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COVID-19: $2 billion available to pay unemployed workers

By John Seelmeyer

As claims for unemployment insurance pour into state offices, the state has just a bit under $2 billion socked away to make payments to jobless workers.

But nobody knows if that’s really a lot of money. It depends how many Nevadans lose their jobs, and for how long.  Economists expect that Nevada workers will be among the hardest-hit in the nation during this downturn.

An explosion of claims for unemployment payments — 92,298 in all — were filed in Nevada in the week that ended March 21.  To put this into perspective, it exceeds the previous record by 83,353.  The old record, 8,945, dated from January 2009, just when the Great Recession began to arrive.

To pay unemployment claims, the state has been socking away tax payments from employers.  The trust fund that pays jobless claims stood at $1,975,556,381 on March 20.   The figure changes daily as new payments from employers roll in, and checks to jobless workers roll out.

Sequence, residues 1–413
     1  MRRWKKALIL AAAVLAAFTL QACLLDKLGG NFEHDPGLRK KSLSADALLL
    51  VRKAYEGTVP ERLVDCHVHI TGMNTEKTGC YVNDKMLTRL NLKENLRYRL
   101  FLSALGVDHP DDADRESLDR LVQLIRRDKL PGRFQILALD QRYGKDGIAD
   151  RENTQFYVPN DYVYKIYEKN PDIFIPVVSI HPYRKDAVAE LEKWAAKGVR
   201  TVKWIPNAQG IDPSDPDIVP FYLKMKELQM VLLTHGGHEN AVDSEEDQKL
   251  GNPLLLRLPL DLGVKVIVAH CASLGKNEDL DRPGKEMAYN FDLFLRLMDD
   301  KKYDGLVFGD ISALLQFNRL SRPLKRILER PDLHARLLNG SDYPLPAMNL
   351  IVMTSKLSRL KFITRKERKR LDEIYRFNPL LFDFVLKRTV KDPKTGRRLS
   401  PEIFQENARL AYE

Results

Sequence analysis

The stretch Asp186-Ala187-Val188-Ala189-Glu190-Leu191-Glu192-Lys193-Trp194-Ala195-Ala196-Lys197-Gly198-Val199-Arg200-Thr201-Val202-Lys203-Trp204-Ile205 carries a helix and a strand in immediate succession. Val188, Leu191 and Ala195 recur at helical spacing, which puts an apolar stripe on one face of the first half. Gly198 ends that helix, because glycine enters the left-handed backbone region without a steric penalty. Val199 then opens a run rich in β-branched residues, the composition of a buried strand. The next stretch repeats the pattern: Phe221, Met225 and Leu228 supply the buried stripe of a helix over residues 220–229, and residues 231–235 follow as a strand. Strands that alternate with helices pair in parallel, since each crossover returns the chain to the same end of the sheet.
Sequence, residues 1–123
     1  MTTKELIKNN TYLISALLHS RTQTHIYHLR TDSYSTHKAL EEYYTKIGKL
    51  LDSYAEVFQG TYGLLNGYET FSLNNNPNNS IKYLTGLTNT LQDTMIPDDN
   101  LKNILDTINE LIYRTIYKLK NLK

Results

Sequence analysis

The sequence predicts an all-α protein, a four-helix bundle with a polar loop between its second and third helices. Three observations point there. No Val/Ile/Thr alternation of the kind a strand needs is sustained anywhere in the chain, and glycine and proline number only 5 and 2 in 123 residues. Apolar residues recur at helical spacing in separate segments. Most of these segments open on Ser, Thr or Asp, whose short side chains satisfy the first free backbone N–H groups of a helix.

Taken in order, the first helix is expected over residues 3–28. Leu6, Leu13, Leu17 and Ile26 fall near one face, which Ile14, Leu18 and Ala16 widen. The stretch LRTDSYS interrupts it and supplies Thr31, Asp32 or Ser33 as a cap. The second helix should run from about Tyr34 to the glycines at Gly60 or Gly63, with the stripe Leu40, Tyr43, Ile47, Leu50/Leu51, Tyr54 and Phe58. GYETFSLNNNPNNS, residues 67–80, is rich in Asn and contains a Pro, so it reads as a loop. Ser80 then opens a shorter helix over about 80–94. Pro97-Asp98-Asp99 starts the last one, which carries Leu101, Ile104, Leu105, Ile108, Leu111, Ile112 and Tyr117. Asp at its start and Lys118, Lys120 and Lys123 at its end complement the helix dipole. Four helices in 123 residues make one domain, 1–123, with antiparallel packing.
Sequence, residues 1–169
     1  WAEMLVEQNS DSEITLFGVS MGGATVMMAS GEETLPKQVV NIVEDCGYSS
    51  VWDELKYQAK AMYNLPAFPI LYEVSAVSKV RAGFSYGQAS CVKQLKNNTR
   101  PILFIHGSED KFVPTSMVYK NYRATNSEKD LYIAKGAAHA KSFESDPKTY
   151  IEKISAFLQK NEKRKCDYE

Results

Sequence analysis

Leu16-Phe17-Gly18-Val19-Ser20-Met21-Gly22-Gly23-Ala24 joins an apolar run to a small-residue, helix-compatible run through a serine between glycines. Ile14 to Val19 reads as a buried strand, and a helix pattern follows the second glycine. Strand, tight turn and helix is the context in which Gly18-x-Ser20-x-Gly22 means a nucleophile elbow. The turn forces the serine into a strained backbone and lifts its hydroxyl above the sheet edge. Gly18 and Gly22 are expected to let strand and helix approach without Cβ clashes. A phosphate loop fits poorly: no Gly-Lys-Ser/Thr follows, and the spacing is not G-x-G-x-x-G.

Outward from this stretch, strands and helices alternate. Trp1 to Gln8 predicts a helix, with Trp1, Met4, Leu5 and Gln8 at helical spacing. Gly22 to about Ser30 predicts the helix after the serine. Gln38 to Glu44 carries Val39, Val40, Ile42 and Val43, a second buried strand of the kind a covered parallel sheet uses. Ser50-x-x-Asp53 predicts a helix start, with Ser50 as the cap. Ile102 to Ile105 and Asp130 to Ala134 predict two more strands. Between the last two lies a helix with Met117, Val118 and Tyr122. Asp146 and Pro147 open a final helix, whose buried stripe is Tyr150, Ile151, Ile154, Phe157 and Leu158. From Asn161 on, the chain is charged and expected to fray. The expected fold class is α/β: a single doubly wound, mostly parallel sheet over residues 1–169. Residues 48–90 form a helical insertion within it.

Given the fluid situation, the Nevada Department of Employment, Training and Rehabilitation won’t even hazard a guess how long the money will hold out. But within the last month, the amount in the fund declined by about $15 million.

During the last recession, the state fund ran out of money. Nevada borrowed $801 million from the federal government to make unemployment payments, money that it needed to pay back when the economy perked up. At the start of the last downturn, the state had about $816 million socked away in the unemployment trust fund.

How bad could things get?

The Economic Policy Institute, a left-leaning Washington think tank, estimated a couple of days ago that the unemployment rate in Nevada could reach 19.7 percent by July. As recently as February, the jobless rate statewide stood at 3.6 percent.  In the Reno area, it was even lower — 3.2 percent.

The state will be particularly hard-hit in coming months because travelers need to stay home during the coronavirus outbreak, the Economic Policy Institute noted. Casino, hotel and restaurant employees, who account for more than 40 percent of Nevada’s workers, don’t have the option of teleworking.

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